Skydiving Quadriplegic’s Death Raises Questions of Safety for Disabled Thrill Seekers

The death of 27-year-old Zack Fogle, a quadriplegic with a passion for skydiving, has sparked a debate over safety standards for disabled thrill seekers.

Fogle, who was partially paralyzed from the neck down, died skydiving at the 44th annual Lost Prairie Boogie in northwest Montana on Saturday after his custom-built parachute failed to open. According to video footage and statements from other skydivers, Fogle was on his back for much of the 1,200-foot free fall, leading investigators to conclude that his disability prevented him from righting his position and manually deploying his chute.

“It’s a difficult maneuver for anyone to get rolled over,” said Flathead County Undersheriff Jordan White. “Your arms and legs act like wind vanes that keep you in the position you’re in.”

Fogle may have been relying on a fail-safe mechanism designed to automatically release an emergency chute in the unlikely event manual deployment didn’t work. But investigators said the mechanism appeared not to have been activated prior to his jump.

In the five years since his certification, Fogle had jumped 125 times without incident. But his death raised questions of whether he should have been allowed to skydive in the first place.

“As soon as something’s found to be dangerous or negative in any way, there’s a fight to regulate it so people don’t get hurt doing it,” said White. “Unfortunately, that violates the whole fabric of our culture, of exploring our world and following our dreams.”

Skydiving was a dream-come-true for Fogle, whose world was turned upside-down 10 years ago when a car crash claimed much of his strength and mobility. Like many people living with spinal cord injuries, Fogle embraced the opportunity to challenge himself despite his disabilities.

Victor Calise, a Paralympic athlete who works with the Wheelchair Sports Federation, said overcoming challenges is a crucial part of the recovery process.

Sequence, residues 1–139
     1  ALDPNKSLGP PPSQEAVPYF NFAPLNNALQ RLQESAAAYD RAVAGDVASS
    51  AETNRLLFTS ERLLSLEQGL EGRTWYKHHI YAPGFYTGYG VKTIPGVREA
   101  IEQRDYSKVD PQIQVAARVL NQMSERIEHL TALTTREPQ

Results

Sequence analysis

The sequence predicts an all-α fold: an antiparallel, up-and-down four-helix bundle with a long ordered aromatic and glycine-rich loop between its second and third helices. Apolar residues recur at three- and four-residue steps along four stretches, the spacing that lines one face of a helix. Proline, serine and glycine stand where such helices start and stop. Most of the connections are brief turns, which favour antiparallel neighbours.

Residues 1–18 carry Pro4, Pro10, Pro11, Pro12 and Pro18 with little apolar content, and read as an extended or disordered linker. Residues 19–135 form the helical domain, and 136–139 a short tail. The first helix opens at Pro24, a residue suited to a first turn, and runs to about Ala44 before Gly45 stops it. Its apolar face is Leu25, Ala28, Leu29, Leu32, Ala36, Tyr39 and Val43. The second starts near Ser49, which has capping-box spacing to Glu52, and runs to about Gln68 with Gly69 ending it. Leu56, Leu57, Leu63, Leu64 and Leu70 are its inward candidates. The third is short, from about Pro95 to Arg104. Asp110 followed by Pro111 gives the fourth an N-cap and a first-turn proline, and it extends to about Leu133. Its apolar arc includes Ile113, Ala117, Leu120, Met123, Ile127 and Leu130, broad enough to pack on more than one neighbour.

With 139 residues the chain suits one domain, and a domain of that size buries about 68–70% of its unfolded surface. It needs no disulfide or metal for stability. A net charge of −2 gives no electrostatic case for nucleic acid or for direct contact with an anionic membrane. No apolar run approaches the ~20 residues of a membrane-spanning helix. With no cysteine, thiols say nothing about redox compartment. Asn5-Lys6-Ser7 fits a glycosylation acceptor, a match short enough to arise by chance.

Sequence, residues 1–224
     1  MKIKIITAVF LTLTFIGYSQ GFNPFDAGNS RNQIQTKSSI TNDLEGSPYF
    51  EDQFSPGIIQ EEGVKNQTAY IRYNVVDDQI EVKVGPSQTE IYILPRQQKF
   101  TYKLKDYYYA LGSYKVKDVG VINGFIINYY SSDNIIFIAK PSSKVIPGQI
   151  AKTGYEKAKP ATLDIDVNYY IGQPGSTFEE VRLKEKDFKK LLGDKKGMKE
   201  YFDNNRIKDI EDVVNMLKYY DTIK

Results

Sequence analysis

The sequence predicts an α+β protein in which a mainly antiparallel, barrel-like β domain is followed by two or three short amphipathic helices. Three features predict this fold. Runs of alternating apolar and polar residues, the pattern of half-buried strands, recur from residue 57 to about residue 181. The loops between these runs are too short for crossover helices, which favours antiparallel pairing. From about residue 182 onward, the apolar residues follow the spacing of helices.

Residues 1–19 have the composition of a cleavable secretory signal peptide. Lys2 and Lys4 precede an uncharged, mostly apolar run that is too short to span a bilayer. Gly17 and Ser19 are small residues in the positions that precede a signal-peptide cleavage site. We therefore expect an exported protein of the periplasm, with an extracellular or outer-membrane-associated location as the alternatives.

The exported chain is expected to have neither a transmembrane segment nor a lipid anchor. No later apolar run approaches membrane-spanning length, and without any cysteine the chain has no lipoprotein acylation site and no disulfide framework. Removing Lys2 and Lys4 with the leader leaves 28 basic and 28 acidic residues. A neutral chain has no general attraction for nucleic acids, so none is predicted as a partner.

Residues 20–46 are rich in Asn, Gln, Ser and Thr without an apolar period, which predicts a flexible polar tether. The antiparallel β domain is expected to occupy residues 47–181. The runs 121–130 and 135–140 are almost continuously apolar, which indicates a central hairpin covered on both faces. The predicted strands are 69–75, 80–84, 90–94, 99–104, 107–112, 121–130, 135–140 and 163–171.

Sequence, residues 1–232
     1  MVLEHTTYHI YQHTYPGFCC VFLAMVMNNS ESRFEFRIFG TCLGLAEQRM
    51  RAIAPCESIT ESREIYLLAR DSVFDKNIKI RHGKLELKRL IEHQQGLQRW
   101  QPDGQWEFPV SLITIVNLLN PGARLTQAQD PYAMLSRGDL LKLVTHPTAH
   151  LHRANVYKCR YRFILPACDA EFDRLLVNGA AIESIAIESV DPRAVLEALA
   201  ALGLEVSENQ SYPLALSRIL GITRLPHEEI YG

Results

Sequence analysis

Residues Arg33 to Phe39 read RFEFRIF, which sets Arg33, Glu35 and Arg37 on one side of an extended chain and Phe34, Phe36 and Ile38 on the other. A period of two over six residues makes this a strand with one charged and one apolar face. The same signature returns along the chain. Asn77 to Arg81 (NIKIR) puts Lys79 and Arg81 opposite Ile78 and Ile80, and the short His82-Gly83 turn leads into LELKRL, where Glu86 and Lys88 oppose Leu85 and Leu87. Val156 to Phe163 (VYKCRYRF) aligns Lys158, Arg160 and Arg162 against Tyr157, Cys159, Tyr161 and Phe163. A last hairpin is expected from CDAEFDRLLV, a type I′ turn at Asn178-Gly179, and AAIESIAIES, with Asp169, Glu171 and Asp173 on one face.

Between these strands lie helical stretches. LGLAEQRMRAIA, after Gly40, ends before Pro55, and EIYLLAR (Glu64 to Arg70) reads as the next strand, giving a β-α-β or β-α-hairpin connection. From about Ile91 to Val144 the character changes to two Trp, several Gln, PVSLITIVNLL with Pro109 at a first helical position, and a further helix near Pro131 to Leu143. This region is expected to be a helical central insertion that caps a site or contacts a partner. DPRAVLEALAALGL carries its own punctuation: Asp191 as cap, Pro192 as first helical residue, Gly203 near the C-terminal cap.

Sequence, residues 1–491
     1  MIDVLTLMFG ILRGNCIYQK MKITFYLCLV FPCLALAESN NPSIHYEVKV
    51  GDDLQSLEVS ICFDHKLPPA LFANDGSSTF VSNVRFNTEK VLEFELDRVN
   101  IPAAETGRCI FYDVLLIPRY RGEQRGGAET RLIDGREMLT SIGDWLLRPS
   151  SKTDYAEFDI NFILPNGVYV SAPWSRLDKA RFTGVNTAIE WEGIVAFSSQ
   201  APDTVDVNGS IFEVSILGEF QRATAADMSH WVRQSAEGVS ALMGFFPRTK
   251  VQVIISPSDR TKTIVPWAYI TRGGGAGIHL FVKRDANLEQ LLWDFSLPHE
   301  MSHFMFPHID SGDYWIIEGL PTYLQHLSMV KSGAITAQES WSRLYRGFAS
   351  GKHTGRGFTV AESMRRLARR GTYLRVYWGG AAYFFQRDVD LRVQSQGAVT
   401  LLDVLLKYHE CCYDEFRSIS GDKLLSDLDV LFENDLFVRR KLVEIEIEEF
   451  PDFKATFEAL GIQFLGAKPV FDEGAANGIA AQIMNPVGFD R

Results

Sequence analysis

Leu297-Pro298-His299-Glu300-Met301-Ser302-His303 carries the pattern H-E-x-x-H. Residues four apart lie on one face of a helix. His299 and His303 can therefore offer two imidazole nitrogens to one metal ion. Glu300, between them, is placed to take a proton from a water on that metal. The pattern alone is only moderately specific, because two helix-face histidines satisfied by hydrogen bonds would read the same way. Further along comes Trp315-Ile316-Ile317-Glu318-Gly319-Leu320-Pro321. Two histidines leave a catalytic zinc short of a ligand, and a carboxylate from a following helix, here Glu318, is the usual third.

“It just builds that confidence up, that confidence you may have lost with your injury,” said Calise, who became paralyzed from the chest down in a mountain biking accident. “It makes you feel whole again.”

Calise is no stranger to the safety debate. While training for the Paralympic sled hockey, he was turned away from countless rinks by managers who claimed his disability was a liability.

“Just because a person’s disabled, should they not have the opportunity to challenge themselves? Absolutely they should be able to,” Calise said.

Thanks to specialized equipment, people with disabilities can skydive, scuba dive, ski and play a host of wheelchair and sled sports.

“But we need to realize that with all risky activities there is always the possibility of being significantly injured or killed whether one is disabled or not,” said Dr. Steve Williams, director of the New England Regional Spinal Cord Injury Center at Boston Medical Center.

Indeed, skydiving is a risky hobby for anyone. Garl “Mike” Newby, 57, died at last year’s Lost Prairie Boogie after his parachute became entangled with a fellow skydiver’s.

Should People With Disabilities Face Different Safety Standards?

Safety regulations for disabled thrill seekers made headlines in July when U.S. Army Sgt. James Hackemer, an Iraq War veteran and double amputee, died after being ejected from the “Ride of Steel” rollercoaster at Darien Lake Theme Park in upstate New York. Despite park rules that riders “must have upper body control, two legs and the complete use of at least one hand” and that “no artificial limbs may be worn,” Hackemer reportedly boarded the ride unchallenged by park employees. His family recently filed a wrongful death suit against the park.

Fogle’s fall, on the other hand, has been ruled an accident — an unfortunate series of events stemming from a risk he happily accepted.

“Live to the point of tears,” is listed as one of Fogle’s favorite quotes on Facebook. The other: “Remember, Zack, if you can’t be safe, be spectacular.”


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